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Q.

Can u distinguish between sun and earth synchronous satellites?

Tags: education, science, environment
Asked by AMISHA AGARWAL, 01 May '12 08:17 pm
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Answers (4)

1.

Everythings orbiting something it seems. The Moon goes around the Earth, and the Earth orbits the Sun.Astronomers have calculated that it takes the Sun 226 million years to completely orbit around the center of the Milky Way. In other words, that last time that the Sun was in its current position in space around the Milky Way, dinosaurs ruled the Earth. in fact, this Sun orbit has only happened 20.4 times since the Sun itself formed 4.6 billion years ago.
Answered by LIPSIKA, 01 May '12 09:44 pm

 
  
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2.

Satellite Orbits




One possibility to distinguish between all earth observation satellite systems is to look at their orbits. Generally there are two major orbits which are called sun synchronous (or polar) and geostationary orbits.
Geostationary orbits are located about 36.000 km above the earth. At this altitude a satellite needs exactly 24 hours to orbit around the earth, the same time the earth takes to perform a complete revolution around its axis. The satellites "hover" at a right angle above the equator, therefore they seem to be stationary in the sky when seen from the earth. Hence, the satellites always "see" the same section of the earth surface and atmosphere.
Source: Read more :-http://www.seos-project.eu/modules/remotesensing/remotesensing-c02-p01.html
Answered by anantharaman, 01 May '12 08:26 pm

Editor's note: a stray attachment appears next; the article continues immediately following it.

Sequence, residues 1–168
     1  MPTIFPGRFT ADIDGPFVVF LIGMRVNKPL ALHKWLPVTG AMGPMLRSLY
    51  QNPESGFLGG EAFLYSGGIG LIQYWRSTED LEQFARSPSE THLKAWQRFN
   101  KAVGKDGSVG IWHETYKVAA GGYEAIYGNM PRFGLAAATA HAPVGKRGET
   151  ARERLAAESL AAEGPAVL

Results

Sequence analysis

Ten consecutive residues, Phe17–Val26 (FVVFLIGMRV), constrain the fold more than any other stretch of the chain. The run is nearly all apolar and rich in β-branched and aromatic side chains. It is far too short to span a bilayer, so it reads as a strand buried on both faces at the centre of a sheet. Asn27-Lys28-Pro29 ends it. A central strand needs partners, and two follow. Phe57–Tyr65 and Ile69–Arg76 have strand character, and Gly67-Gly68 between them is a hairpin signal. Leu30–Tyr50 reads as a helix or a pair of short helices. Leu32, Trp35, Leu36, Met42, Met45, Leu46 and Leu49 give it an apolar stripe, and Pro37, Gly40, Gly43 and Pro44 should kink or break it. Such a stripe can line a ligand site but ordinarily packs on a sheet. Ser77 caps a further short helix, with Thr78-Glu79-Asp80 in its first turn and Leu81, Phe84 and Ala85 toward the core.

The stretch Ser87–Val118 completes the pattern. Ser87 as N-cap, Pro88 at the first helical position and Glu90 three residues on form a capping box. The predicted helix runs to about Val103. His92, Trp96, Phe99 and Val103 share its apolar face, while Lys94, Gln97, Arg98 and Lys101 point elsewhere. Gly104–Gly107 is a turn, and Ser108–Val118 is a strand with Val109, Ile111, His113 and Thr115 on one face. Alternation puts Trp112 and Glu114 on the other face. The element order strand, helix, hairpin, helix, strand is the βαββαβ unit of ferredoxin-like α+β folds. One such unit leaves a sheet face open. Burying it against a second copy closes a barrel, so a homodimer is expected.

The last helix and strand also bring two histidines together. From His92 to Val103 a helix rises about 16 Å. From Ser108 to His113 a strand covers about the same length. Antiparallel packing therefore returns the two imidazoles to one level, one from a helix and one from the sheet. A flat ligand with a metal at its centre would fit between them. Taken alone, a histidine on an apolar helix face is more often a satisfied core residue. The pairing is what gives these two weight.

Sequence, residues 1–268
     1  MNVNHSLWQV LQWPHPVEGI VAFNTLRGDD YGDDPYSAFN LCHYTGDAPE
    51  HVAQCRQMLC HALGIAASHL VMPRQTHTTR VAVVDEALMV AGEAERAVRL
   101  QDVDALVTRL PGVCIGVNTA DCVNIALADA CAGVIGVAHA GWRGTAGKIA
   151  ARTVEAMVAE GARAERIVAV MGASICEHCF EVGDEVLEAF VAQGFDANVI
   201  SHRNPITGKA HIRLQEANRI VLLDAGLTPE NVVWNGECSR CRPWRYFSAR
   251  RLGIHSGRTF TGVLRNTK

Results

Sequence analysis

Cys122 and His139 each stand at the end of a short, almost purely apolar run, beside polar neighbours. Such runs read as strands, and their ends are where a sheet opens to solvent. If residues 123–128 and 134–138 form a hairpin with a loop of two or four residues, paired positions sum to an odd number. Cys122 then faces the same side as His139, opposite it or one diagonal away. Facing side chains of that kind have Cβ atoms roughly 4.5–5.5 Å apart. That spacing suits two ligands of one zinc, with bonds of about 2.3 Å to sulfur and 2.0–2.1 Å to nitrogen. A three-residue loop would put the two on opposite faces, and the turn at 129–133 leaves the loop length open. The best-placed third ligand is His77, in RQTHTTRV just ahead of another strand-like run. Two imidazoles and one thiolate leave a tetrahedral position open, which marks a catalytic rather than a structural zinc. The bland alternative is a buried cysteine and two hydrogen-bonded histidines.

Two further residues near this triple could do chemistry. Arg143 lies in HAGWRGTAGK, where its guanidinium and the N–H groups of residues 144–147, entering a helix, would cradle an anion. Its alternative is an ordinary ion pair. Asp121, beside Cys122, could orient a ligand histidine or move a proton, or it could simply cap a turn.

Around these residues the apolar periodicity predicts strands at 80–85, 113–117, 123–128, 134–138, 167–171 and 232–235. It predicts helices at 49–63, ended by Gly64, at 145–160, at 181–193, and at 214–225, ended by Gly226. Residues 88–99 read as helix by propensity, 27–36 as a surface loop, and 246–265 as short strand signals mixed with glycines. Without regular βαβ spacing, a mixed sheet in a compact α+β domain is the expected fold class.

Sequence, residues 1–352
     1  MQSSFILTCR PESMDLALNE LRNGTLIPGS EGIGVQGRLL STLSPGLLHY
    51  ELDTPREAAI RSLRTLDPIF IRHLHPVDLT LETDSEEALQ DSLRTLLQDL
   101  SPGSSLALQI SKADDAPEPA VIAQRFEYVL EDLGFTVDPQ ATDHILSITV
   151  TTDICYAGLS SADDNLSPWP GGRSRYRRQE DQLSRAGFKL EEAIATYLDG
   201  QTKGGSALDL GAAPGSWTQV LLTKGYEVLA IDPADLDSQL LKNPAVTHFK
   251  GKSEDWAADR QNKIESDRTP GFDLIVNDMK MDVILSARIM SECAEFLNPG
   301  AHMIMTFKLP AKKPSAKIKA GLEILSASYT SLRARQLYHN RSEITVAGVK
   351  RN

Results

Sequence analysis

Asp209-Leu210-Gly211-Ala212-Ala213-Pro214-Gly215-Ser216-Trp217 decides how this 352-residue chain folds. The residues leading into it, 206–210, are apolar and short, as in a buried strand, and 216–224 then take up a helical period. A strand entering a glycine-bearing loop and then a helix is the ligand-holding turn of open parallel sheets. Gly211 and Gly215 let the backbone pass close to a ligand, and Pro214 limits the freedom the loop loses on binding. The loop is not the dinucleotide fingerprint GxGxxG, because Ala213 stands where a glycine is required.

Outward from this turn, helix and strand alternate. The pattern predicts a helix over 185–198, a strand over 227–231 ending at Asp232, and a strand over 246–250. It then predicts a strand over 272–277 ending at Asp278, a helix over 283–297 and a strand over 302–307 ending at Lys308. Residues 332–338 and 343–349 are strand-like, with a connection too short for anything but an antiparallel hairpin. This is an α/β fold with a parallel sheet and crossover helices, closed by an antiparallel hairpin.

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3.

Nope
Answered by conviction, 01 Jun '12 10:21 pm

 
  
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4.

A polar orbit is an Orbit in which a Satellite passes above or nearly above both of the Geographical poles of the body (usually a planet such as the Earth, but possibly another body such as the Sun being orbited on each revolution. It therefore has an Inclination of (or very close to) 90 degrees to the Equator. Except in the special case of a polar Geosynchronous orbit, a satellite in a polar orbit will pass over the equator at a different Longitude on each of its orbits.
A geostationary orbit (GEO) is a circular orbit directly above the Earth's Equator From the ground, a geostationary object appears motionless in the sky and is therefore the Orbit of most interest to operators of Communication Satellites. Their orbital periods (time taken to revolve around earth) is exactly the same as the planet's (such as Earth's) rotational period. The Geosynchronous orbit is approximately 36,000 km above Earth's surface.
Answered by Farhaan, 01 May '12 08:26 pm

 
  
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